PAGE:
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The reference shows the full usage of the custom widgets for Squirro dashboards. In this reference the command line utility squirro_widget and it's usage for uploading widgets to a Squirro cluster is explained. Then each of the main components of a widget has its own section: JavaScript, CSS, HTML.

Table of Contents


On the local disk a Squirro widget is a folder. That folder contains a number of files that all have their purpose.

widget.jsJavaScriptThe executable code of the widget. This file is loaded when the widget is used on a dashboard.
widget.cssCSSStyling of the widget. This file must exist even when no styles are used for the widget.
widget.htmlHTMLTemplate for the HTML code of the widget. Even if no custom template is used, this file must exist.

Automatically created file - do not create yourself. These files keep track of the widget metadata.

Managing Widgets (squirro_widget)

The Toolbox comes with a command line utility squirro_widget which is used to manage custom widgets on a Squirro installation.

The full reference of this command can be found in the separate section squirro_widget Command Line Reference.


Custom widgets are implemented as Backbone.js views. Despite this, no prior experience with the Backbone.js framework is required.

The template for a new widget.js file is as follows:

return Widgets.Text.extend({
    // Class properties and methods here

Base Widgets

This example extends from the Widgets.Text base class. The full list of base classes from which widgets can inherit is documented in Base Widgets.


The JavaScript API, including all properties and methods to be overwritten, is documented in the Custom Widgets API.

External Libraries

See the section External JavaScript Libraries for how to use additional libraries.


The widget.css file contains Cascading Style Sheet instructions for styling of the dashboard.

Widgets are namespaced by adding a CSS class custom-name where name is the widget name. For example the clock widget from the tutorial would receive the CSS class custom-clock which from CSS can be styled as follows:

.custom-clock {
    // CSS rules here that should apply to the whole widget
.custom-clock a {
    // CSS rules here that should apply to all links inside the clock widget

Use the namespacing for any styling that is local to the widget.

It is also possible to add global styles (without the namespace). These styles will affect the whole dashboard on which the custom widget is embedded. Note however that the class names, elements, etc. are not guaranteed to remain the same and will change between releases without notice. So if you choose to style global elements of the dashboard, test with every new Squirro release if the styles still work.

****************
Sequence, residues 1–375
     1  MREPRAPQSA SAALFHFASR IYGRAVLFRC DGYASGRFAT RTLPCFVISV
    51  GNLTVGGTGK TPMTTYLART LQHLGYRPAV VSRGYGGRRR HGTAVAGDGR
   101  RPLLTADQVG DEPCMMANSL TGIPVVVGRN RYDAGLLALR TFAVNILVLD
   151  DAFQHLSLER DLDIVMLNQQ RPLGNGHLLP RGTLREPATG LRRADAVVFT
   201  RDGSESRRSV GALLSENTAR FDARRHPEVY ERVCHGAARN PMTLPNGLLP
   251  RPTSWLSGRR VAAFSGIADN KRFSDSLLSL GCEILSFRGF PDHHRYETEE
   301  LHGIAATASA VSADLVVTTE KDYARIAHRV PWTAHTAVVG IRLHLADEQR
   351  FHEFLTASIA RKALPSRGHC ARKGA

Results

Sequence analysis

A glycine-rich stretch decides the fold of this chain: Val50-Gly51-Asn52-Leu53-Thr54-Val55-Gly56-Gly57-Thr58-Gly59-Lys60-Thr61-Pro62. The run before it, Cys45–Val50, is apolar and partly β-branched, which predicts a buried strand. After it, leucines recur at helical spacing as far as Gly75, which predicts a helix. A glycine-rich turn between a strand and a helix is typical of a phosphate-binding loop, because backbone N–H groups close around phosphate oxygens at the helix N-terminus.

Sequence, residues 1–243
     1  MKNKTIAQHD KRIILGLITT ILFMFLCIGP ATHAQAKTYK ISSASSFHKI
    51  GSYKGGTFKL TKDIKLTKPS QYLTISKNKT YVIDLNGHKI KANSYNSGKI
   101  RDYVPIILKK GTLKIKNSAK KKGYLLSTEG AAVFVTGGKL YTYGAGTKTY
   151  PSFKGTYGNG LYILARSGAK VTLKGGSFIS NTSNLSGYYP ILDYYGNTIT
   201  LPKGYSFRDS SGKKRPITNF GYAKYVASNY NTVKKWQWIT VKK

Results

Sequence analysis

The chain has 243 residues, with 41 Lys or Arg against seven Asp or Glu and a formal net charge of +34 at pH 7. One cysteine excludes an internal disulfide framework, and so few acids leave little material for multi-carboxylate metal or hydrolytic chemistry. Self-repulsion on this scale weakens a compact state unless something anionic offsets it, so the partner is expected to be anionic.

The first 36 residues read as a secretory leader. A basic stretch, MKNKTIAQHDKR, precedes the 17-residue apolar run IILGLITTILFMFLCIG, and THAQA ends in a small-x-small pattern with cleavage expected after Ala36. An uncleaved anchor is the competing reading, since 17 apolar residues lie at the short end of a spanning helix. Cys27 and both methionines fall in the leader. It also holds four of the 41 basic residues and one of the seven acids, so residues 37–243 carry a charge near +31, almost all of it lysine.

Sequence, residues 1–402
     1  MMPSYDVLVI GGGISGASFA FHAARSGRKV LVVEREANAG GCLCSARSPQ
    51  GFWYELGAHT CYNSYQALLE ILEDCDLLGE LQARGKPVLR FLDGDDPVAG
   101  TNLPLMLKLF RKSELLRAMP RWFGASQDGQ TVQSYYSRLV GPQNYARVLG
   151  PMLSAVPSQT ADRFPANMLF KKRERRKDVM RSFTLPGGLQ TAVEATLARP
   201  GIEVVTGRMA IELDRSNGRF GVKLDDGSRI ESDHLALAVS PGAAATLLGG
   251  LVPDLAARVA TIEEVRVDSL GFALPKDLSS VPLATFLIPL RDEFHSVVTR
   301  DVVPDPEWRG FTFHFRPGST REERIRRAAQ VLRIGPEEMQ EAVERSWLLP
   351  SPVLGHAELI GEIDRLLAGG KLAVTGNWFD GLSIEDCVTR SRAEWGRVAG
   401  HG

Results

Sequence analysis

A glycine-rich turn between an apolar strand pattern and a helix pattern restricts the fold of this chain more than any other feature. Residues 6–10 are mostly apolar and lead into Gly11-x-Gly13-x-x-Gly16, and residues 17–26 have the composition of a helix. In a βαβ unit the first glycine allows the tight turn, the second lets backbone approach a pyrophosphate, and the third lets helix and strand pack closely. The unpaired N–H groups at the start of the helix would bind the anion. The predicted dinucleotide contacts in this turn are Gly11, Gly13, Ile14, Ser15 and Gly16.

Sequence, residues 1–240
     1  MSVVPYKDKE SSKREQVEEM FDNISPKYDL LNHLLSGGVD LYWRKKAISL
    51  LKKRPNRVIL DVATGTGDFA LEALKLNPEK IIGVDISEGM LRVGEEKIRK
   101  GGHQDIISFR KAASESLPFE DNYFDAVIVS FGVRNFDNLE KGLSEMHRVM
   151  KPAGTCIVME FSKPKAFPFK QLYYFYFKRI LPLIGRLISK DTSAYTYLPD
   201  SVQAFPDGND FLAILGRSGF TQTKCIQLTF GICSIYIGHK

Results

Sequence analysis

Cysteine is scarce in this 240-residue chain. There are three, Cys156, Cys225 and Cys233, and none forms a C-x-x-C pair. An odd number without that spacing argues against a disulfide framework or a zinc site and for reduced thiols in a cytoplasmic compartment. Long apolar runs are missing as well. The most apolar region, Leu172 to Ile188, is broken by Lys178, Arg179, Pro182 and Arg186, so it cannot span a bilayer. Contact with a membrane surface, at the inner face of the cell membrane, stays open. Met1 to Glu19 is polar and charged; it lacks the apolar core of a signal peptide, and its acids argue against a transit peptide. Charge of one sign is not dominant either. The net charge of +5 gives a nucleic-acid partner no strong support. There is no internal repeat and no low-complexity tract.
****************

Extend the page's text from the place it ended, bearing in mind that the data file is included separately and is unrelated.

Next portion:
The CSS declarations from custom widgets are applied in sequence, by the widgets position in the dashboard (top-left to bottom-right). This can be meaningful when !important clauses are used, as the latest CSS definition one will override the former.


The HTML file widget.html is treated as a template file. The underscore.js template method is used for this.

The return value of the getCustomTemplateParams method is passed in as parameters into the template and its values are accessible in the template as local variables.

As an example take the following method template parameters method in the widget.js file:

getCustomTemplateParams: function () {
    return {"html": "<strong>test</strong>", "list": [1, 2, 3]};

With this parameters the following is a valid template HTML file:

    <dt>HTML (escaped)</dt>
    <dd><%- html %></dd>

    <dt>HTML (raw)</dt>
    <dd><%= html %></dd>

        <% _.each(list, function (el) { %>
            <%- el %>,
        <% } %>

This example highlights the three main template features.

<%- variable %>

Insert the variable contents with escaping.

This escapes any HTML code using the Underline.js escape function.

<%- variable %>

Insert the variable contents in raw form.

Any HTML code is passed through verbatim.

Only use this for data that's from safe locations. Your default method should be to use <%- variable %> for best security.

<% JavaScript Code %>Execute JavaScript code in the current template context. The most common use case for this is a loop as shown in the example above.
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